Glidepath: Making the Super decision
By Paul Dixon
Finally, there’s a little light at the end of the tunnel – and a big thank you to those folks in Ottawa for getting me out of a jam.
By Paul Dixon
I was stuck on deadline and seeking a way to pen the perfect column and then came the announcement that the federal Liberals will be purchasing 18 Boeing Super Hornets to tide us over until the never-ending rolling thunder road show to replace the entire fleet of legacy Hornets can get its instruments in tune. The Liberals described this announcement as filling a “capability gap,” but it’s a creative way of saying we are running out of serviceable aircraft.
I interviewed (then) Maj. Gen. Blondin in 2010 at 1 Canadian Air Division and part of the discussion was the replacement of the CF-18.
At that point, the F-35 was accepted in most as a foregone conclusion. I found the general to be frank and plainspoken in everything we discussed that day. I didn’t ask him if he had an opinion on which aircraft the RCAF should be flying and he didn’t offer any. What he did say was he would operate whichever aircraft was selected. It was clear from our conversation that a lot of thought had already gone into just what it would mean to transition from the legacy Hornet into a next-generation aircraft such as the F-35. And there’s a lot more to buying new aircraft than simply buying the aircraft.
I’ve had the pitch, up close and personal, from both Lockheed Martin (the makers of the F-35) and Boeing (manufacturers of the Super Hornet) to get me more acquainted with their respective wares.
For Lockheed, it was four years ago at the Abbotsford International Air Show and at that time, their aircraft was the next best thing for the RCAF in everything but name.
Then, last year the Liberals came into power. During that election, some things got said that people took to heart and now the F-35 wasn’t quite the next best thing after all. Cue the organist for the re-entry of the Super Hornet into the contest. This year at Abbotsford, I had my chance to meet the Boeing test pilots and tabulated their thoughts on how their aircraft stacked up against the competition.
Were it only so simple that as in American Graffiti, we could just roll out to the valley at sunrise and let the ’32 Deuce and the ’55 Chevy decide it once and for all.
Unfortunately, it’s not that simple. There’s the question of offsets for the benefit of the Canadian economy. Fair enough.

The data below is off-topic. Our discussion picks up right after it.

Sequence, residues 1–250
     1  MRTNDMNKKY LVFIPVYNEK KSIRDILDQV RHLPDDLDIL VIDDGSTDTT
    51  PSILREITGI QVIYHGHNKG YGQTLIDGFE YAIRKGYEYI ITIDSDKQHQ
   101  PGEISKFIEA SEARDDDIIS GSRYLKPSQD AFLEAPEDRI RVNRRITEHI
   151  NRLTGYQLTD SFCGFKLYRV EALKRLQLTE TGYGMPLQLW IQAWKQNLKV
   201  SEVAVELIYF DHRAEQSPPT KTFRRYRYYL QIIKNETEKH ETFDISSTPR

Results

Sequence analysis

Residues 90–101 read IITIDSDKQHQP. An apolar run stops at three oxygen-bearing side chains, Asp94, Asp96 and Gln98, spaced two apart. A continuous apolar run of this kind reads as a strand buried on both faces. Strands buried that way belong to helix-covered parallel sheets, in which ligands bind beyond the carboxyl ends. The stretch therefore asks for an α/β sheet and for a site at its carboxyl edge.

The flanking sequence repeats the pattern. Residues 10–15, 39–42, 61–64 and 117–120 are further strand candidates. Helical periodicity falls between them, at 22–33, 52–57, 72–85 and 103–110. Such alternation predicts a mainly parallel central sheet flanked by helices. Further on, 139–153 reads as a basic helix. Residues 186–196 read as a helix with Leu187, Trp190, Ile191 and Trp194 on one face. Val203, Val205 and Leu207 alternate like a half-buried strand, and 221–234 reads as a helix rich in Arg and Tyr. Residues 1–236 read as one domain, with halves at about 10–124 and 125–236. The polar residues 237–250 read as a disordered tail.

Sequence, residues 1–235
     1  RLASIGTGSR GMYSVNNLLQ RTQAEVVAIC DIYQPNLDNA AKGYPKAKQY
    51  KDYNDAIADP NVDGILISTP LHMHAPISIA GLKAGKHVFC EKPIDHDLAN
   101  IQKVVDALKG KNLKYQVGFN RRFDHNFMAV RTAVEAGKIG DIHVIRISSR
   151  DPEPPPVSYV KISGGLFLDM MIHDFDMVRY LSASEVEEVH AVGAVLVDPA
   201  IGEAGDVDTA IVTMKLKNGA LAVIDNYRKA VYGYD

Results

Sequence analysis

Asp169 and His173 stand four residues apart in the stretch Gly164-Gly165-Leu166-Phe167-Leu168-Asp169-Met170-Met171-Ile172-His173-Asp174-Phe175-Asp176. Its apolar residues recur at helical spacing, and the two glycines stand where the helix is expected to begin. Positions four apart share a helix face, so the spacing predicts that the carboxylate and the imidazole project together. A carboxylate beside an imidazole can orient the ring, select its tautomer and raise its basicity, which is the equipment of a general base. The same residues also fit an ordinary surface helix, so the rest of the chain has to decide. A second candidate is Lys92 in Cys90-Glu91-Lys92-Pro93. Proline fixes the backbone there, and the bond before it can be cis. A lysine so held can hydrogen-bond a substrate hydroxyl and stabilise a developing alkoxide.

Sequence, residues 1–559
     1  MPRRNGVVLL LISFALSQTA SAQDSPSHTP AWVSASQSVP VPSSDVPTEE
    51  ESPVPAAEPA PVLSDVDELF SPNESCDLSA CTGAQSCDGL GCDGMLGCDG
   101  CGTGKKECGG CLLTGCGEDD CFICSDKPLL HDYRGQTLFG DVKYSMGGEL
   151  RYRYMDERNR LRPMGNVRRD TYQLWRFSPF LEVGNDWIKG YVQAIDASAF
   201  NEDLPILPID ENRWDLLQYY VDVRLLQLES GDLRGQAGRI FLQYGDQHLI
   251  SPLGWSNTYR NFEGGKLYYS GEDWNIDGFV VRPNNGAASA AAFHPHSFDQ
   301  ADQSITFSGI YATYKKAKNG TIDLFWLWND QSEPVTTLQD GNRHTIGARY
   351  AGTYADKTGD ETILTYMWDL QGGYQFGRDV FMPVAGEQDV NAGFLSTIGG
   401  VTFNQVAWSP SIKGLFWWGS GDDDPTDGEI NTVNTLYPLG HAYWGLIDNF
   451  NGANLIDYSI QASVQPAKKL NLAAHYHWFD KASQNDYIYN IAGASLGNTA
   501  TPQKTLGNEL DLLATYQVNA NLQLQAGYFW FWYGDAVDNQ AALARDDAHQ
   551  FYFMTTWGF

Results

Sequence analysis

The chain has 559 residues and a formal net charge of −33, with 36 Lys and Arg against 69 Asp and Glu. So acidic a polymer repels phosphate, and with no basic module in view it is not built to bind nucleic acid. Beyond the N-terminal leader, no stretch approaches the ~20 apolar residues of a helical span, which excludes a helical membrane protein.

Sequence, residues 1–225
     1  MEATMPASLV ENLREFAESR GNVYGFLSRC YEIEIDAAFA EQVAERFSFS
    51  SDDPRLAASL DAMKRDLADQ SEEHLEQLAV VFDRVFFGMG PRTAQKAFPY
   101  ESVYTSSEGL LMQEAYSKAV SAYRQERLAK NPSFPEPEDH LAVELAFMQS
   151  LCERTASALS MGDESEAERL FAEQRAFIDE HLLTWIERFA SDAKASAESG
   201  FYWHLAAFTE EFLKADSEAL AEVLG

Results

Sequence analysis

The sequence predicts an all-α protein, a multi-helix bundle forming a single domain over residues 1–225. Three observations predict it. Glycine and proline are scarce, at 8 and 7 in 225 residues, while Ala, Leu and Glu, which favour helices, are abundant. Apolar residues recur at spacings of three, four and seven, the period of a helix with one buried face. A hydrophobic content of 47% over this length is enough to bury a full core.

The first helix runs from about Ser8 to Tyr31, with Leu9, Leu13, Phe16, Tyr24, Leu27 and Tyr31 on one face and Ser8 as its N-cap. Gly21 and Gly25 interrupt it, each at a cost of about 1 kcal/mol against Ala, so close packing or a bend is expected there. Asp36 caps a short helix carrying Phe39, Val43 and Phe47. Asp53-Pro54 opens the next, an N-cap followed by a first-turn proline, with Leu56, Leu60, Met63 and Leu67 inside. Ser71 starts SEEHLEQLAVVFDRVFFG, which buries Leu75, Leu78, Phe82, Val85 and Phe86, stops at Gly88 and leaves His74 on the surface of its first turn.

Then we have to consider the cost of operating these aircraft over their anticipated lifespan, not to mention the question of fuel consumption and maintenance issues.
The short answer is it’s going to cost a lot of money any way you look at it. Up front, there’s the cost just to buy the aircraft – and over the next 20 to 30 years, the cost to keep them in the air. The challenge is to ask the right questions and those questions are very dependent on what it is we want the aircraft to be doing over their projected lifespan.
The political reality is that there are no neat answers to the questions that need to be asked – certainly not within an electoral cycle of four years.
For example, where will these aircraft most likely be deployed and what will they be doing when they go where we ultimately send them out?
We are certainly living in interesting times from a global perspective, with Brexit and the recent U.S. election only two of the factors at play in trying to determine where we will find ourselves in 2017, let alone in 20 years. From my perspective, the decision by the federal government is indeed a sound one – one that will ensure the RCAF maintains its ability to meet Canada’s overseas obligations for the near future and gain some breathing room to get the big purchasing project finally figured out.
Purchasing Super Hornets ensures that it won’t take much time to take existing legacy Hornet pilots and convert them, a point Boeing has been pushing it its sale pitch to the Canadian government for some time.
Good news like this reminds me of the first whiff of the Christmas turkey in the oven. It sure smells nice, but it just makes you all the more hungry for the real thing. As we head further into 2017, I can’t wait to hear what this government has in store for us next.
Paul Dixon is a freelance writer and a photojournalist living in Vancouver.